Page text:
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TV film fare -- week of June 14, 2020


Matt Damon and Christian Bale star in a scene from the movie "Ford v. Ferrari." The Catholic News Service classification is A-III -- adults. The Motion Picture Association of America rating is PG-13 -- parents strongly cautioned. Some material may be inappropriate for children under 13. (CNS photo/Twentieth Century Fox)

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NEW YORK (CNS) -- The following are capsule reviews of theatrical movies on network and cable television the week of June 14. Please note that televised versions may or may not be edited for language, nudity, violence and sexual situations.

Sunday, June 14, 11 a.m.-2 p.m. EDT (AMC) "Erin Brockovich" (2000). Fact-based tale of an earthy single mom (Julia Roberts) who persuades her litigator boss (Albert Finney) to pursue a class-action suit against a major California utility for contaminating local waters. As directed by Steven Soderbergh, Roberts vividly captures a foul-mouthed but good-hearted woman who makes something of herself in doggedly seeking justice for families beset by cancers. An implied affair, some profanity, much rough language. The Catholic News Service classification of the theatrical version was A-III -- adults. The Motion Picture Association rating was R -- restricted. Under 17 requires accompanying parent or adult guardian.

Monday, June 15, 10 p.m.-midnight EDT (TCM) "Farewell, My Lovely" (1975). Hulking ex-convict (Jack O'Halloran) hires private investigator Philip Marlowe (Robert Mitchum) to find his girlfriend, though she hasn't bothered to write while he served a seven-year sentence for bank robbery. Director Dick Richards' version of the Raymond Chandler mystery is skillfully crafted and Mitchum gives an outstanding performance. Some violence and incidental nudity. The Catholic News Service classification of the theatrical version was A-III -- adults. The Motion Picture Association rating was R -- restricted. Under 17 requires accompanying parent or adult guardian.

Saturday, June 20, 9-10:45 a.m. EDT (Showtime) "Leap Year" (2009). Likable romantic comedy in which a controlling Boston real estate consultant (Amy Adams) follows her commitment-shy live-in boyfriend (Adam Scott) to Ireland. There, he's attending a cardiologists' convention and she hopes to take advantage of a national tradition allowing women to propose on Leap Day, but bad weather derails her plans. This forces her to rely on a laidback rural innkeeper (Matthew Goode) to get her to Dublin in time. Though the background details are closer to 1952's "The Quiet Man" than to the post-Celtic Tiger contemporary reality, the central opposites-attract relationship in director Anand Tucker's Hibernian idyll is old-fashioned in the best sense, with physical restraint allowing room for a dexterously acted, if somewhat formulaic, portrayal of deepening emotional engagement. It helps to make this -- despite the elements described below -- probably acceptable for older teens. Implied cohabitation, some mildly sexual humor, at least two uses of profanity and one of the S-word, a few crass terms. The Catholic News Service classification of the theatrical version was A-III -- adults. The Motion Picture Association rating was PG -- parental guidance suggested. Some material may not be suitable for children.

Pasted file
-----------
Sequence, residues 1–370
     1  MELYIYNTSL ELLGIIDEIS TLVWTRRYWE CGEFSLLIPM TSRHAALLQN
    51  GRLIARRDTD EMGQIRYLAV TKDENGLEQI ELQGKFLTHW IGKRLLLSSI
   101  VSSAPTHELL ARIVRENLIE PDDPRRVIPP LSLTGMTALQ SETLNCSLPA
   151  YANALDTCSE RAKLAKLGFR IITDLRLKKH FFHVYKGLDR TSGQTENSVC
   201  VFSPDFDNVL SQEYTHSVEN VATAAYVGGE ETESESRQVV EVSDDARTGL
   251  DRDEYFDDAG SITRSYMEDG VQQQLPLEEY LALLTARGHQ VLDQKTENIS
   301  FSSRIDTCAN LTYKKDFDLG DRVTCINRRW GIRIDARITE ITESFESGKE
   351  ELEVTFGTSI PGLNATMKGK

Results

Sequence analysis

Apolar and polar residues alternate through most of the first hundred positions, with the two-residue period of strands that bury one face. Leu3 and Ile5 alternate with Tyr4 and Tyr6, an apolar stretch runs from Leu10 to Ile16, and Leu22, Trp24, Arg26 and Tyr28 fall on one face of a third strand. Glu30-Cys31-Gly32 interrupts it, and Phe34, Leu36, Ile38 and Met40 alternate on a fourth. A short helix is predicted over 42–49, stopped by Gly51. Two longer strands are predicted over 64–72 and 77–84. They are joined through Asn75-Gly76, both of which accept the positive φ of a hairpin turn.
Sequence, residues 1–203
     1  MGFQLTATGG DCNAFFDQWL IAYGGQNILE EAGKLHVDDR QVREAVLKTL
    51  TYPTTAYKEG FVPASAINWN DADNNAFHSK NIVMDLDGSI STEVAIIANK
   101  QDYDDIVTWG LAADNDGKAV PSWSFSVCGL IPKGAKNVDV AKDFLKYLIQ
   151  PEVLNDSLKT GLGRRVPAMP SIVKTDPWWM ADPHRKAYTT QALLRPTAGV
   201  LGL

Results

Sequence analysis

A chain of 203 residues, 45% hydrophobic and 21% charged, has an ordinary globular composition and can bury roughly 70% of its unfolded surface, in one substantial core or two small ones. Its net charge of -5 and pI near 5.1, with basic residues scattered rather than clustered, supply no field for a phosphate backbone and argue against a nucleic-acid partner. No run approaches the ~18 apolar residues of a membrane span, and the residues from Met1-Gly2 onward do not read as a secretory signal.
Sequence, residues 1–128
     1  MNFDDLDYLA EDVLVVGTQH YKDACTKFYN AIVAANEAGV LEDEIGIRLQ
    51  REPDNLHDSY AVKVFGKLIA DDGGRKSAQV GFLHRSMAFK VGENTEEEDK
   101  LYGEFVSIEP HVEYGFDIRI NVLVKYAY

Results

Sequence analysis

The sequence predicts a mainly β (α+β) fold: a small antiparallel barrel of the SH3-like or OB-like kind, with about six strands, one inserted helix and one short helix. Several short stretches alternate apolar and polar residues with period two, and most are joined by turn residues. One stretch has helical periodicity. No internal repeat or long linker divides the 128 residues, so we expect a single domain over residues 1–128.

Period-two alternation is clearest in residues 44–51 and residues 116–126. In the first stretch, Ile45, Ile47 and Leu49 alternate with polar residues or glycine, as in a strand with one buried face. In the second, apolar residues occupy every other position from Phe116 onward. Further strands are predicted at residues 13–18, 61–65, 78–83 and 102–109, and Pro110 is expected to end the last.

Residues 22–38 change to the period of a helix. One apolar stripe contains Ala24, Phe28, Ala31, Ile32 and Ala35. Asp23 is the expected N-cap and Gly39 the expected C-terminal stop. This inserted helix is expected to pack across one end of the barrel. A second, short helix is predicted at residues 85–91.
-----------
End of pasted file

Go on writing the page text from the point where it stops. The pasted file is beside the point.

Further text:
Saturday, June 20, 8-10:35 p.m. EDT (HBO) "Ford v Ferrari" (2019). A film that revels in its 1960s gender stereotypes, evoking a "Great Man" age of auto racers in which the men were men and the women glad of it. Director James Mangold, working from a screenplay by brothers Jez and John-Henry Butterworth and Jason Keller, keeps the story stripped down to the competition between automakers Ford (led by Tracy Letts and Jon Bernthal) and Ferrari (its namesake founder played by Remo Girone) to have their cars win the grueling 24-hour Le Mans road race in 1966. Car developer Carroll Shelby (Matt Damon) and daredevil British driver Ken Miles (Christian Bale) fight off their personal troubles to form a successful partnership in which they also keep the corporate types at bay. Probably acceptable for mature teens, despite some salty dialogue. Intense action sequences, fleeting crude and crass language, a single racial slur. The Catholic News Service classification of the theatrical version was A-III -- adults. The Motion Picture Association rating was PG-13 -- parents strongly cautioned. Some material may be inappropriate for children under 13.

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Mulderig is on the staff of Catholic News Service.

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